Ottawa

Hockey helmets now the rule for kids on city rinks

Starting Saturday, kids 10 and under who want to go skating at a City of Ottawa indoor rink will have to wear a Canadian Standards Association-approved hockey helmet — no bike or ski helmets allowed.

Skaters 10 and under must wear CSA-approved helmet on indoor ice starting Feb. 1

Kids 10 and under must wear CSA-approved hockey helmets while skating at indoor City of Ottawa rinks starting Feb. 1. Cages aren't required for recreational skating. (CBC)

Starting Saturday, kids 10 and under who want to go skating at a City of Ottawa indoor rink will have to wear a Canadian Standards Association-approved hockey helmet — no bike or ski helmets allowed.

Kelly Bean, who helped come up with the city's new helmet policy, said helmets designed for other sports don't offer proper protection from falls on ice.

"A different helmet protects your head in different ways for different types of falls," she said.

Hockey helmets are also designed to withstand multiple impacts, so skaters can keep wearing them even after falling and knocking their head on the ice. Bike helmets, by contrast, must be replaced after a single impact.

"You typically fall a lot more on the ice than you would off of a bicycle," she said. "The goal behind this campaign is to ensure everyone is safe."

Cages are not required on the helmets for recreational skating.

Coupons to defray cost

The city is offering coupons for 15 per cent off hockey helmets purchased at Play It Again Sports, and will offer a pass for free family skating at a later time to people who show up without the proper helmet.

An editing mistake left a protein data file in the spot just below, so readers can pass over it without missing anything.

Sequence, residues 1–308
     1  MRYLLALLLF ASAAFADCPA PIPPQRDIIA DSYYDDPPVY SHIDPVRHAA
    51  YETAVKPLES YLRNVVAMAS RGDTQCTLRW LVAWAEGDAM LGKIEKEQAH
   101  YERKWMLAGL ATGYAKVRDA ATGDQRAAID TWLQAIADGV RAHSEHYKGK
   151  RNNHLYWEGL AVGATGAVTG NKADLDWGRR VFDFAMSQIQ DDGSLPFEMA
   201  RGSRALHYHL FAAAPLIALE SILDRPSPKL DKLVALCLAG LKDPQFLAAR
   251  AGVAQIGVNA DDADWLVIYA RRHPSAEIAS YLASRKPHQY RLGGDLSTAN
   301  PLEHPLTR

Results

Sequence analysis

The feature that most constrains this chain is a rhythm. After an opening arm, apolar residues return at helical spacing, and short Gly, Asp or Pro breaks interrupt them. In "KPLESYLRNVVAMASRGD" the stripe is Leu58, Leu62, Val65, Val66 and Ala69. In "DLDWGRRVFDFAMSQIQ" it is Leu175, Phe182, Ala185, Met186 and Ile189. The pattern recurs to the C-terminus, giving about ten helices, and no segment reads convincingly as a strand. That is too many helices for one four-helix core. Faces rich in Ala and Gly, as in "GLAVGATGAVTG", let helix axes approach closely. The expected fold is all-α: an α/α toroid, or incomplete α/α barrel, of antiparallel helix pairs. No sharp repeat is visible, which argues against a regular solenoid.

Used hockey helmets can cost as little as $25, while new helmets start around $45 and can cost $100 or more.

Marcia Morris, executive director of Ottawa Sport Council, a group that promotes physical activity in the city, strongly supports the city's rule change. Morris believes it will help prevent concussions and head trauma, which can be life-altering and sometimes fatal.

"I think it's absolutely amazing," she said. "The city has done a really good job balancing safety and accessibility."

The city recommends all skaters wear a CSA-approved hockey helmet, regardless of age.

All participants in on-ice recreation programs run by the city, such as learn-to-skate classes, are already required to wear a CSA-approved hockey helmet. That includes adults.

Ottawa Public Health recommends helmets for anyone, of any age, participating in a range of activities including skateboarding, in-line skating, cycling, sledding, skating, skiing and snowboarding.

Clarifications

  • A previous version of this story suggested there would be free skating for anyone this weekend at city rinks. In fact, passes for free skating at a later date will be given to anyone who shows up with a helmet that's no longer approved.
    Jan 30, 2020 10:57 AM ET

About the Author

Laura Glowacki is a reporter based in Ottawa. Previously, she worked as a reporter in Winnipeg and as an associate producer for CBC's Metro Morning in Toronto. Find her on Twitter @glowackiCBC and reach her by email at laura.glowacki@cbc.ca.

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